I am a candidate in the May 15 Nebraska Republican Primary for U.S. Senate, against the incumbent Deb Fischer because she is totally ignoring our enormous and out-of-control national debt. In fact she has just recently voted twice to make it worse than it already is.
The major driver of our debt is the entitlement programs, Social Security, Medicare and Medicaid. Social Security is self-funded from the payroll tax and can be shored up long term with some relatively simple adjustments such as raising the income cap on which the payroll tax is levied and/or SLOWLY raising the eligibility age for full benefits. Medicaid costs can be controlled by block-granting it to the states with a fixed contribution from the federal government.
But Medicare will be much harder to reform because it is the most expensive entitlement program of all. The above chart shows that a couple with average wages reaching age 65 in 2015 can expect to receive Medicare benefits that exceed what they put in by $357,000. This subsidy will only increase in the years ahead.
The American Enterprise Institute’s James Capretta has recently described one possible way to get Medicare costs under control. In outline:
Combine hospitalization (Part A), outpatient services (Part B) and drugs (Part D) into a single combined insurance product.
Offer community-rated premiums for beneficiaries, meaning that premiums would not depend on age or health status.
A small, universal entitlement benefit would be paid to all enrollees set to cover about 20% of today’s benefit and equal to about $2600. The Medicare payroll tax of 2.9% would pay for this universal benefit.
Additional financial support would be based on lifetime earnings, with the lowest quartile receiving substantial additional support which would be phased out for middle- and upper-middle class retirees.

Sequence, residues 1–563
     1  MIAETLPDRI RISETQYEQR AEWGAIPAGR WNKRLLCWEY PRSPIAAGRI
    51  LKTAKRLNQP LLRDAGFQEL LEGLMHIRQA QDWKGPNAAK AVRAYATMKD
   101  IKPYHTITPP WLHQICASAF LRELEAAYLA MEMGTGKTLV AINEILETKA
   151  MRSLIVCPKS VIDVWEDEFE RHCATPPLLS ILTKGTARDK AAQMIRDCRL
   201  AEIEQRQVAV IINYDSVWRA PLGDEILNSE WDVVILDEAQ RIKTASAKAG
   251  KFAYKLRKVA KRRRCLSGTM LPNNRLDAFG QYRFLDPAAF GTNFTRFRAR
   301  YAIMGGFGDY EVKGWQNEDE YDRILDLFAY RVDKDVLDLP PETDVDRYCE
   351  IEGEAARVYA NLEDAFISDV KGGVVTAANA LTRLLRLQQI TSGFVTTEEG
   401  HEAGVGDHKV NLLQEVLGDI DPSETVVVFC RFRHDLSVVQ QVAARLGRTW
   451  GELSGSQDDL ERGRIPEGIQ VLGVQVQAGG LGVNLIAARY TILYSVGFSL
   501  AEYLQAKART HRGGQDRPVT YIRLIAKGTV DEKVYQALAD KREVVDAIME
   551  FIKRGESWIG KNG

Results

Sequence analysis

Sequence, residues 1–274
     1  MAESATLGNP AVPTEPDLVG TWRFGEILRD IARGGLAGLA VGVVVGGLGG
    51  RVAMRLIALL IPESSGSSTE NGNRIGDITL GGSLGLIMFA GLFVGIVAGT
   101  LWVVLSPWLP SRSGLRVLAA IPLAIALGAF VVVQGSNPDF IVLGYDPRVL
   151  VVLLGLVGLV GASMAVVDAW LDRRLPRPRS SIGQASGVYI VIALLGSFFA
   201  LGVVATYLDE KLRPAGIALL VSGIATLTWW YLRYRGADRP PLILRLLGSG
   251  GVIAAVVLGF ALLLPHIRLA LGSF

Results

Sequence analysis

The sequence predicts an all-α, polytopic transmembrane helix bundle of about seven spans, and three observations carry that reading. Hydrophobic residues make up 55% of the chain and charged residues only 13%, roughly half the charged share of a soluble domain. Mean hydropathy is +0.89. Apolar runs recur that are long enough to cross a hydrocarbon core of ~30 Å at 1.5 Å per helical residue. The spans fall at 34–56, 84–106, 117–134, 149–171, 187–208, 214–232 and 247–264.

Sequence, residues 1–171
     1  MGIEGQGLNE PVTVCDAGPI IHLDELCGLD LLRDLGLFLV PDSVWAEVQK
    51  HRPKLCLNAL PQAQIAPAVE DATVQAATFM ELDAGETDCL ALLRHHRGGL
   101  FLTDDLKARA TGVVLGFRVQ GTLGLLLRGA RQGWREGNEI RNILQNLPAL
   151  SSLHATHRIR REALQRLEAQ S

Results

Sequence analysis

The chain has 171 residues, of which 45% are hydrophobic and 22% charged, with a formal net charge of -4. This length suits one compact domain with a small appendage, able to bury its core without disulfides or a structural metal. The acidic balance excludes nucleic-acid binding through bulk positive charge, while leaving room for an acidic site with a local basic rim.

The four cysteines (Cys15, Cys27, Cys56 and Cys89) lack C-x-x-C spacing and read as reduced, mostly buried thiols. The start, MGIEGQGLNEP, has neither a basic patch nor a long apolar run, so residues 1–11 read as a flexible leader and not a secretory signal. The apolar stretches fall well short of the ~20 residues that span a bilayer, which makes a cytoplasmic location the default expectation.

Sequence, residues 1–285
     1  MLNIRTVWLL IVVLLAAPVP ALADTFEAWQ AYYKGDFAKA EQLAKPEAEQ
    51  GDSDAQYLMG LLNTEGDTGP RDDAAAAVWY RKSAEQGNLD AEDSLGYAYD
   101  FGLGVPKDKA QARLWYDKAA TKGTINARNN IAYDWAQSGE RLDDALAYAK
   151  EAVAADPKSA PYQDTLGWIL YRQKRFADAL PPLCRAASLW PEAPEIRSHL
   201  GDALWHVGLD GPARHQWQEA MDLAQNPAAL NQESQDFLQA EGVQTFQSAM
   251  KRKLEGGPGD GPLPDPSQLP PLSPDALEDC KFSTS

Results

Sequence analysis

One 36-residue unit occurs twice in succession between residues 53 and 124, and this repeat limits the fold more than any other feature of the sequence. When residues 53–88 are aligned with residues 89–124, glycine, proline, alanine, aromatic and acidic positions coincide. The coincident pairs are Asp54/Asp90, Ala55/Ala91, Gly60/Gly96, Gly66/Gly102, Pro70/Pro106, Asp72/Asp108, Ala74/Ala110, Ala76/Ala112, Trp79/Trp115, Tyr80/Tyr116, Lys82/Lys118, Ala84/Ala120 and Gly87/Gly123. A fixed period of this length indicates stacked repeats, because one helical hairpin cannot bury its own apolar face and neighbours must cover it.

Retirees would purchase private insurance plans which could be in the form of high-deductible catastrophic insurance combined with health savings accounts.
Conclusion. “The reform of Medicare outlined above is a plan to substitute higher premiums from the middle and upper classes for the large general-fund subsidies taxpayers now provide to Medicare to finance the majority of Part B and Part D costs. The end goal is a self-financing Medicare program.”
As I have discussed in previous posts, here and here, the American Health Care Act, the GOP replacement for the Affordable Care Act, is a step in the right direction.
One of the best features of the GOP bill is its provisions to revamp the Medicaid program. The problems of Medicaid are well described by the healthcare expert, Avik Roy, here and here:
Medicaid was established in 1965 and now provides healthcare benefits for individuals and families with incomes up to 133% of the federal poverty level.
The states pay 40% of the costs on average while only controlling 5% of how the program is operated.
The federal Medicaid law mandates a laundry list of benefits which the states must provide. States cannot charge premiums and copays and deductibles are minimal.
Medicaid is the largest or second largest line item in nearly every state budget. The only tool states have in controlling costs is to pay doctors and hospitals less than private insurers pay for the same care. This means that fewer and fewer doctors are accepting Medicaid patients.